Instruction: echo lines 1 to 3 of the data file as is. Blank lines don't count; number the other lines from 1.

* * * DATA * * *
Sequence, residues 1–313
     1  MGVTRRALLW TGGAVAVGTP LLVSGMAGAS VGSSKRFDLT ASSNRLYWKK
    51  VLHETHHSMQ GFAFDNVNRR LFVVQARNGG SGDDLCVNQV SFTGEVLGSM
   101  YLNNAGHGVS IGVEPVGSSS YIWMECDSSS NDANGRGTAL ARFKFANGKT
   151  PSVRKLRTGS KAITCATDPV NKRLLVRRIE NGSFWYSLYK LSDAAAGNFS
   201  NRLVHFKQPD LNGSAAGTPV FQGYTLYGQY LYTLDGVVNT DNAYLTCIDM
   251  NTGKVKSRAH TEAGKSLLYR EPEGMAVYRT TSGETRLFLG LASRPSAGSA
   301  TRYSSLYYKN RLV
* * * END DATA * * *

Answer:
Sequence, residues 1–313
     1  MGVTRRALLW TGGAVAVGTP LLVSGMAGAS VGSSKRFDLT ASSNRLYWKK
    51  VLHETHHSMQ GFAFDNVNRR LFVVQARNGG SGDDLCVNQV SFTGEVLGSM